Today's London Telegraph has an article by Michael Inwood, who teaches philosophy at Oxford, on the subject of Martin Heidegger's anti-Semitism. He seems to have a hard time with the personal prejudices of a man "lauded by his admirers as the greatest mind of the 20th century." Without wishing either to deny or to dismiss Heidegger's opinions about Jews, I have to say that I am beginning to tire of reading otherwise informed writers rake up these coals every time a new embarrassing text comes to light.
Those of us who take our music seriously were contending with this issue even before Heidegger's star began to rise. The best example is Richard Wagner. Yet, even in Wagner's own time, some of the most informed interpreters of his music were Jewish. Admittedly, some of them, like Gustav Mahler, converted for the sake of career advancement. After all, it was not just Bayreuth that did not tolerate Jews; it was also the Vienna Opera. In Heidegger's case it did not take the philosopher long to realize that the Nazis had no more taste for philosophical insights than Dion did when Plato tried to drum up a "consulting gig" in Syracuse.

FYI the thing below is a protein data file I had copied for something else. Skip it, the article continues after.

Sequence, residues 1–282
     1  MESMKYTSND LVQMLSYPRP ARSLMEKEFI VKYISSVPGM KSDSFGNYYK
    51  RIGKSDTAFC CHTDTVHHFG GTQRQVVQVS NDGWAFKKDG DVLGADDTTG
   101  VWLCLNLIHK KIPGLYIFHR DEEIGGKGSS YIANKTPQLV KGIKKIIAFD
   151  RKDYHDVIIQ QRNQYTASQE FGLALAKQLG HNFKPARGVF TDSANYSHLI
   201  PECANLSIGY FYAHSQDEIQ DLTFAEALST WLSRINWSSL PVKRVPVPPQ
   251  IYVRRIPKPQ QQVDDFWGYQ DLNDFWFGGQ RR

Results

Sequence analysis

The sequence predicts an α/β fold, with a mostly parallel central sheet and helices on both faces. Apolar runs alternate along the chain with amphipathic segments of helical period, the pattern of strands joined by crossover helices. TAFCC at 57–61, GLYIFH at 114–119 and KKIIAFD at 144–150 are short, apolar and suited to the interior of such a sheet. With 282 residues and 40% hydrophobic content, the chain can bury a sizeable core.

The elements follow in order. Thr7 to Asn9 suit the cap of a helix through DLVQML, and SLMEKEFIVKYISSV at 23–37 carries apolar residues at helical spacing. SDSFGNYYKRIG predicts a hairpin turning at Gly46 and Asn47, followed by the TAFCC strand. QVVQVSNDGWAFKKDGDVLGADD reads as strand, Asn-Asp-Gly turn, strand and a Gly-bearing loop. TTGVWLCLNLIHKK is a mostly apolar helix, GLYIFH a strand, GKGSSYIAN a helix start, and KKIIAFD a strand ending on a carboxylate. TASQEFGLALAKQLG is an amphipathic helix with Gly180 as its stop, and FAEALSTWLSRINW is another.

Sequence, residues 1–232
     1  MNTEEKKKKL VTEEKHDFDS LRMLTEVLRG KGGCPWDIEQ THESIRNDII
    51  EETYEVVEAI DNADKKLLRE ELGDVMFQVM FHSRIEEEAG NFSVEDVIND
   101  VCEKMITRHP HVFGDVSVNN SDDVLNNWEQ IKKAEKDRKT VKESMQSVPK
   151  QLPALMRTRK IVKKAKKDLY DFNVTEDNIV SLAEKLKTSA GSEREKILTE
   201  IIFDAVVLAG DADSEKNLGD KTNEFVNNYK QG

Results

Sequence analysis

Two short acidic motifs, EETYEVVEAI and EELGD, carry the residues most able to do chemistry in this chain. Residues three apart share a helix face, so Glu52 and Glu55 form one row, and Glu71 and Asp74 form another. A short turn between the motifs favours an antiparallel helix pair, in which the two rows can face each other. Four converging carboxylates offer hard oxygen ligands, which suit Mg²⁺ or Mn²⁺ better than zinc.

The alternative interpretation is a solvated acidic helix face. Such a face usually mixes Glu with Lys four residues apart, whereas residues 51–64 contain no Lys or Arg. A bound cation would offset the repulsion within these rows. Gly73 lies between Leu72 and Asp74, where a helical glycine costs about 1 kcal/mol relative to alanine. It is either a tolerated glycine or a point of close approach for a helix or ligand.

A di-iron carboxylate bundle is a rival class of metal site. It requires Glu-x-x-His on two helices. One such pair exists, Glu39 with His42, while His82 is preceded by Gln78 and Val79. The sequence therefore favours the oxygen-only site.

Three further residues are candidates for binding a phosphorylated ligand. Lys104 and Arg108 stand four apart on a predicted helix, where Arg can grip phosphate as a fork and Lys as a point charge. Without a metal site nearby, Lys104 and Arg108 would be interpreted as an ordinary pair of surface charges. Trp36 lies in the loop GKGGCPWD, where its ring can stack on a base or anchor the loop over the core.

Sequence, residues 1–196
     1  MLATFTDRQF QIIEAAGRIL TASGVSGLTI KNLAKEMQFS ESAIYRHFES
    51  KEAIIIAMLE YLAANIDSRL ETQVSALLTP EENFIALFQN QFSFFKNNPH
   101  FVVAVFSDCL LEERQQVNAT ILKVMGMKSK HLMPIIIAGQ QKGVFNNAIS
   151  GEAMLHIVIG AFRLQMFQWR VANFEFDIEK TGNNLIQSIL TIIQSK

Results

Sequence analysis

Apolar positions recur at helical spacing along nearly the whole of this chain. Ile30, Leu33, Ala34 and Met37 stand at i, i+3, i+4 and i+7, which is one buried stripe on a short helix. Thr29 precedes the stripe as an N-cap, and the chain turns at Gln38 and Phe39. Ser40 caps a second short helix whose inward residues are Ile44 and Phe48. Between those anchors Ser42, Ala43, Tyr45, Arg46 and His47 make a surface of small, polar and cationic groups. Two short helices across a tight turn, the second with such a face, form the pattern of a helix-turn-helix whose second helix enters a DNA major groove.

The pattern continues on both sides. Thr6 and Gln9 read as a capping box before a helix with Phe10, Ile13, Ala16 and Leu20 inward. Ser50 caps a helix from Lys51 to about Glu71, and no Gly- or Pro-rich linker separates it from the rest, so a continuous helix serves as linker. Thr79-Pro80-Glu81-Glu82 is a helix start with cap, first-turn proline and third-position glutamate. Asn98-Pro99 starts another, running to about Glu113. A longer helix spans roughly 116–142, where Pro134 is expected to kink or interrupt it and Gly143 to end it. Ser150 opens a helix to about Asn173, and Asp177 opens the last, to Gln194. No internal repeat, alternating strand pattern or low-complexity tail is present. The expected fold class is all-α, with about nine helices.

There are two ways we can look for parallels between Wagner and Heidegger. One is to elaborate on their overt anti-Semitism. The other is that neither individual can be ignored by anyone seriously concerned with studying music or philosophy, respectively. I happened to be teaching computer science in Israel back when the performance of Wagner's music (both in concert halls and on the radio) was prohibited; and I simply could not grasp how those wishing to study music could manage under such impoverished conditions. (The answer quickly became obvious: They left the country.) Similarly, when it comes to questions of time-consciousness (initiated by Heidegger's teacher Edmund Husserl), we cannot ignore Heidegger. (For that matter, my own opinion is that we cannot think about either making music or listening to it without taking time-consciousness into account.) I see no reason why we cannot manage by concentrating on Heidegger's texts, acknowledging that less attractive context only when it seems necessary, just as any number of musicians can focus on Wagner's music without agonizing over his reprehensible lifestyle (in which anti-Semitism was but one element of the reprehensibility).